Over the years of writing these blog posts, I'd like to think that I've matured somewhat - that the vodka-fuelled gratuity of my late university years has mellowed into something more thoughtful and, dare I say it, nuanced. (Oh yes. I went there.) Sure, I'll still point out shonky dinosaur art, but with less savagery, and an acknowledgement that, by contemporary standards, it's often not so bad. Plus, illustrators gotta eat.
On the other hand, one is occasionally reminded that a few - a very few - palaeoartists over the years managed to make their jobbing contemporaries' work look more than a little embarrassing - maybe, even, deserving of the occasional pouring of scorn. One of those artists is James Robins.
Tuesday, August 19, 2014
Monday, August 11, 2014
|Brontësaurus. Sepia ink and gouache on Strathmore grey toned paper, 151 x 147mm.|
'My literary and palaeo friends and audiences so rarely converge (which is a great pity), but I’m jolly well going to try.'
So I said when I first shared this drawing on my own illustration blog, Twitter, and Facebook page a few weeks ago. It has since gained what was for me quite unprecedented attention for a single piece of work on any of those media platforms.* Why, it's even been spread about on Tumblr without any attribution, which I daresay is about as 'viral' as it gets for me. As usual, I hesitated sharing it here from the first because it offers very little next to the nutritional goodness posted by my Chasmosaurs brethren, but I've been persuaded otherwise. Stay tuned, therefore, for more in this series.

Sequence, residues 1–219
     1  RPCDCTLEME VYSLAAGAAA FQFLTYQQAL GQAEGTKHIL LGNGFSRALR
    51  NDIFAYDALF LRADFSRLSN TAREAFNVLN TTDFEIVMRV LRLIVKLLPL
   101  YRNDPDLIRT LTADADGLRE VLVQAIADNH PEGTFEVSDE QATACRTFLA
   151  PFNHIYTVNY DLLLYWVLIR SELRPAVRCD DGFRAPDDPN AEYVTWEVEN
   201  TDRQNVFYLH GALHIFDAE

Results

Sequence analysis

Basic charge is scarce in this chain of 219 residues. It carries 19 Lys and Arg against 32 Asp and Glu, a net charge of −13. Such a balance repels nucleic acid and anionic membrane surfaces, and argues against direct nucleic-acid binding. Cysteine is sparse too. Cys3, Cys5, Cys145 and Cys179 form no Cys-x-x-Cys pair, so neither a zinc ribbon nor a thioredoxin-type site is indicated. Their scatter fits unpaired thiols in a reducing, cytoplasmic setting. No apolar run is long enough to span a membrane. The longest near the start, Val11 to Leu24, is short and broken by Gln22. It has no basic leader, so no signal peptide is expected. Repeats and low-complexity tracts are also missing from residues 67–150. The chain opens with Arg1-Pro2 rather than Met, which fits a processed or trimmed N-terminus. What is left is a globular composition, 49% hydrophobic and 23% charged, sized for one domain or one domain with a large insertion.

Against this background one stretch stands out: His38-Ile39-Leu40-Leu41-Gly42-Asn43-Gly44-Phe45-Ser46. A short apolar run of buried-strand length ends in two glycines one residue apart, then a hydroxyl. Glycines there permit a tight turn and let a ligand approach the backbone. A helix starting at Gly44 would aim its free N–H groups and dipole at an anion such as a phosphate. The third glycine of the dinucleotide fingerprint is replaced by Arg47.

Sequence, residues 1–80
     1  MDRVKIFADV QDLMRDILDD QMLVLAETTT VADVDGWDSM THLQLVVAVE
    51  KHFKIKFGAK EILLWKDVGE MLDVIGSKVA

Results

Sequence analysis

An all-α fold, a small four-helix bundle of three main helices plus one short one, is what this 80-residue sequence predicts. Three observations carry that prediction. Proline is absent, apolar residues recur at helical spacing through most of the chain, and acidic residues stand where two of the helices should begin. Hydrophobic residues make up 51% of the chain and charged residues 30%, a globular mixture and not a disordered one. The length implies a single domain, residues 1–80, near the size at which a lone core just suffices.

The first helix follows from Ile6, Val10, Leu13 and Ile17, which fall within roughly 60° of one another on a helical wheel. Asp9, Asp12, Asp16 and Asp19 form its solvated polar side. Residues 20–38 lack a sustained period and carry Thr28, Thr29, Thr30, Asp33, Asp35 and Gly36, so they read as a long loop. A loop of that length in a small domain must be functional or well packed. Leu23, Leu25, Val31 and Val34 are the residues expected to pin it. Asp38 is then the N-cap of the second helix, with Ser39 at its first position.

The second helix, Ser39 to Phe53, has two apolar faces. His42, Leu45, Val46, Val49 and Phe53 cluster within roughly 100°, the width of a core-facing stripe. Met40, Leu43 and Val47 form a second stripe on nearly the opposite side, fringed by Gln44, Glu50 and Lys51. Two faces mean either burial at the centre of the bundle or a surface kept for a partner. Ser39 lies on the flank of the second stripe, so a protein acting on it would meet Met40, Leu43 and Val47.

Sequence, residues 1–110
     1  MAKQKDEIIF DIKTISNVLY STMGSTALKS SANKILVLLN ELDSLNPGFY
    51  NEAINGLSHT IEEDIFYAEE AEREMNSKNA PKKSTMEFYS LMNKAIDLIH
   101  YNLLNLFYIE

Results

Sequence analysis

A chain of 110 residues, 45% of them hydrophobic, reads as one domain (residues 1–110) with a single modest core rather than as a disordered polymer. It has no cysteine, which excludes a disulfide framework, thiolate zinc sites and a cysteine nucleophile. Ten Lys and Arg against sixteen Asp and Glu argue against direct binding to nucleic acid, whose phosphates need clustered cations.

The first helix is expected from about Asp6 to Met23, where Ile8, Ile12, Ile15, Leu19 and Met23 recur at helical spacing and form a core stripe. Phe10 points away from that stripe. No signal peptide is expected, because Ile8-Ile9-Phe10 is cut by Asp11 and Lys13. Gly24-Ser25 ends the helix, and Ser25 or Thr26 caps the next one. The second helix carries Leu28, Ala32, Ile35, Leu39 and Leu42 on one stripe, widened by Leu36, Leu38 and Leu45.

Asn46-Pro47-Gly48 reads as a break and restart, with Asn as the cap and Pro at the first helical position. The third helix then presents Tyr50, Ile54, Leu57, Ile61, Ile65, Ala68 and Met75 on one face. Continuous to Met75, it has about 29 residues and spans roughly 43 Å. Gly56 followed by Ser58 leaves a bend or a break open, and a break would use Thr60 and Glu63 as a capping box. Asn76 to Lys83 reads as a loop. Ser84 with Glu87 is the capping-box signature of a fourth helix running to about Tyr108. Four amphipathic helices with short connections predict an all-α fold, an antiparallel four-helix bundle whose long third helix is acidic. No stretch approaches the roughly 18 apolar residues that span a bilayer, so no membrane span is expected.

*Except perhaps for Ol' Salty, which was shared by the Stan Winston School of Character Arts' Facebook page, though as they uploaded the drawing afresh instead of sharing it directly from mine, the figures were not reflected in the latter. *Chagrined mutterings*
Wednesday, August 6, 2014
Meeting our Vintage Dinosaur Art criterion by the slimmest of margins, The American Museum of Natural History's Book of Dinosaurs and Other Ancient Creatures (snappier titles are there none) is a mere twenty years old. However - and as I've said numerous times before - it's amazing how much has changed since the early '90s, even when it comes to restorations of dinosaurs that aren't (yet) known to have been feathered. The AMNH book (as I'm sure you won't mind me calling it) is also notable for featuring artists with differing approaches and styles, which only adds further historical interest. Some of our old friends are in there, but there's at least one highly notable contributor who hasn't been featured in a VDA post before...which always makes me So Very Happy.